How We Learn by Benedict Carey

How We Learn by Benedict CareyReview: How We Learn by Benedict Carey (Random House, 2014)

Note: Thanks to Netgalley and Random House for providing the ARC of this title.

Teaching is a significantly more vexing job than the vast majority of non-teachers may assume. I’m not even a certified teacher, just an ESL drone in Taiwan slaving away at a cram school, but the task is onerous nonetheless. I mean aside from the lesson planning, the crowd control, the constant quest for variety, the caffeine addiction and daily having to deal with an onslaught of proto-humans and the feckless creatures who spawned them, there’s one burning question I face time and time again: “Why isn’t it bloody well sinking in???”

Okay, okay, I know the answers. Laziness, lack of interest, overschooling in a shoddy system and absentee parents cover most of my charges. But then I turn the question back on my own floundering attempts to gain some level of fluency in Mandarin. Why so many mental blocks when I’m so desperate to reach my goal? Why, despite my best efforts, does my brain seem so intent on jettisoning every new character, every grammatical construct I try to cram in there?

In How We Learn (The Surprising Truth About When, Where, and Why It Happens), NYT science reporter Benedict Carey peers behind the brain’s curtain to uncover just what goes on during the process of education. Keenly aware of the ocean of folk wisdom and old wive’s tales surrounding learning and retention he attempts to separate the wheat from the chaff and come out with a working model which will be useful to students and teachers alike.

The book kicks off with a brief, layman-friendly look at the neuroscience of learning. Without going into any scary detail, Carey gives us an enlightening tour of the physical mechanisms which come into play when trying to cram a new skill or set of dates into our crania. However, this is just by way of an introduction. Soon he gets on to the meat of the matter and the part in which most readers are doubtless interested: how do we make it work better?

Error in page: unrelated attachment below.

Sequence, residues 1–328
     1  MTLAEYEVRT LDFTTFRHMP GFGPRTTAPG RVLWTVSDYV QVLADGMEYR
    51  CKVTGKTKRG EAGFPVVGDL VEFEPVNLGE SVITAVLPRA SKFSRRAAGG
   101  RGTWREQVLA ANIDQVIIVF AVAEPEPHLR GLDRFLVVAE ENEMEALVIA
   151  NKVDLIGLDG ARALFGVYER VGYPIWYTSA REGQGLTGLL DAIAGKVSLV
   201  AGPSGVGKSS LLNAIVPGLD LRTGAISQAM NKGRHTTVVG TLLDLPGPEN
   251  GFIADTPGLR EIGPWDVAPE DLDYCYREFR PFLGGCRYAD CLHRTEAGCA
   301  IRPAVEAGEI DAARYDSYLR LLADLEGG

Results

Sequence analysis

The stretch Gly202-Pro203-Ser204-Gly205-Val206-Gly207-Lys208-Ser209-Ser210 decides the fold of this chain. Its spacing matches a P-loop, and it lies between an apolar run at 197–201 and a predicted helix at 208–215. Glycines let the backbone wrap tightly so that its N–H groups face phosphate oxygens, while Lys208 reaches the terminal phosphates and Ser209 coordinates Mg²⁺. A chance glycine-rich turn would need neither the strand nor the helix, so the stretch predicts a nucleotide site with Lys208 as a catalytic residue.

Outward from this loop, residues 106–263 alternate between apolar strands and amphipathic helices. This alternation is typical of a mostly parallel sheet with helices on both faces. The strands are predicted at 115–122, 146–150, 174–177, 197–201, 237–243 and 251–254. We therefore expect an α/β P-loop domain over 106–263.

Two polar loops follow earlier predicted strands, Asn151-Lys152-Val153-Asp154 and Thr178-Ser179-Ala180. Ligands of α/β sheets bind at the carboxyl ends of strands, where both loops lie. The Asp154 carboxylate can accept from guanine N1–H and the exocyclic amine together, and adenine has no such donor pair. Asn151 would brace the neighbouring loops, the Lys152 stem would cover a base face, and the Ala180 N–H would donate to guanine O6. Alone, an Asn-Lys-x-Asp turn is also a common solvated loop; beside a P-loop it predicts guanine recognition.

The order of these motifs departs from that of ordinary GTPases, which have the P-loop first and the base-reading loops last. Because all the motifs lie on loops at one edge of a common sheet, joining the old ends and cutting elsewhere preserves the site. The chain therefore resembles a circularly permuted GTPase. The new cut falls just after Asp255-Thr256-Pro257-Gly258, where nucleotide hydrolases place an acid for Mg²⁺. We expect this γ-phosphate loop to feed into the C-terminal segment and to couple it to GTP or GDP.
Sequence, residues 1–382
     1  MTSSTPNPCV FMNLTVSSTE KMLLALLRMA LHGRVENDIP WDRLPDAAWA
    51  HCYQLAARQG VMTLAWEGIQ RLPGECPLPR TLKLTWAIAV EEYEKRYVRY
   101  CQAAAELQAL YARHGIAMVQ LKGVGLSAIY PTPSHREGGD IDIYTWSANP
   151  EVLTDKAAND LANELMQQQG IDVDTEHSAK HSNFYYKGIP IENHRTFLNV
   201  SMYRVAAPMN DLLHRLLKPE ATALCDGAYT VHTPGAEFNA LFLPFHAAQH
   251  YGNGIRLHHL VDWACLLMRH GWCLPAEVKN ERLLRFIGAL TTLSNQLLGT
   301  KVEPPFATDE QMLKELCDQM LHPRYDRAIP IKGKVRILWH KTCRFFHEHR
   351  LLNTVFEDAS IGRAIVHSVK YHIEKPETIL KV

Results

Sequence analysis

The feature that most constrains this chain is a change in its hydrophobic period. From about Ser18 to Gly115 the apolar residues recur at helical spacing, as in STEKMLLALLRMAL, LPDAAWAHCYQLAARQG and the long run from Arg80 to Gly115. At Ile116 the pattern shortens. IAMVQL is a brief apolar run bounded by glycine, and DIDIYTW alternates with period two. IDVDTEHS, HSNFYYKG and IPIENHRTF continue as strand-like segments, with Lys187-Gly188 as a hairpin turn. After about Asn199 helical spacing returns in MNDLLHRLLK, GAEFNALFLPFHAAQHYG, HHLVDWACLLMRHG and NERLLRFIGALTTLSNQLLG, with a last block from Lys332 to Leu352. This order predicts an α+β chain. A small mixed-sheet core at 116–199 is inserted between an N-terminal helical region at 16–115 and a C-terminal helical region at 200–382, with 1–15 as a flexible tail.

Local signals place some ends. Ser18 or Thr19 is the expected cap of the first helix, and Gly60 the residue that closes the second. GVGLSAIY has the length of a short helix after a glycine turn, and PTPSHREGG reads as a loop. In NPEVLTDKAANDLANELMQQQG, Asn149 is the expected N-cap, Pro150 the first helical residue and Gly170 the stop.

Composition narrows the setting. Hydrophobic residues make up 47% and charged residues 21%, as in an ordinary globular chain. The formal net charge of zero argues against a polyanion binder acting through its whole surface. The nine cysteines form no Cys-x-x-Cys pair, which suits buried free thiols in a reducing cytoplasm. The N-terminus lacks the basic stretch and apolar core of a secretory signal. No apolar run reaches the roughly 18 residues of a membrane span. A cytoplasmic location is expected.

Much of How We Learn takes the form of holding pieces of time-worn ‘wisdom’ up to the harsh light of scientific study (padded by Carey’s own enthusiastic personal anecdotes for some light relief) and seeing how they hold up. Take routine for example. Everyone and their gran knows that if you want to get some serious learning done you sit yourself down in your learning chair, turn off the music and totally immerse yourself in exactly the same way you did the day before. Bzzzt! Wrong! It transpires that a lack of variety in the learning environment can actually be an impediment to successful retention and recall of information. In the real world we’re seldom going to be using the information we ingest in exactly the same environment or on the same schedule. Injecting variety into the study schedule acknowledges this fact and strengthens our ability to dredge the subject matter back up whenever we need it.

And so it goes for myth after myth. It turns out that forgetting is actually good for you, strengthening the memory in a manner not unlike the tearing of muscle fibre being used to beef up the body. The repair system itself makes us stronger. Or what about cramming the night before an exam? Well, it does indeed work – in the short term. However, give it a few weeks and you’ll be struggling to even remember what was on the exam paper. What about doing your studies every day, simply pounding in those facts till they stay in place? Nope, spaced repetition is the key as any student who has attempted to use an online language learning tool will doubtless be aware.

To Carey’s credit, How We Learn is scrupulously backed up with references. This isn’t some flimsy, new-age book – it’s all based in hard science and experimentation. However it’s presented in such a way as to make it both immediately accessible to those needing a boost in their study endeavours and deep enough to satisfy the curiosity of educators. I’m already working on ways to incorporate his findings and advice into my classes, boss’s approval pending. Definitely worth a read no matter which side of the educational fence you’re currently occupying.

 

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Filed under education, Psychology, Science

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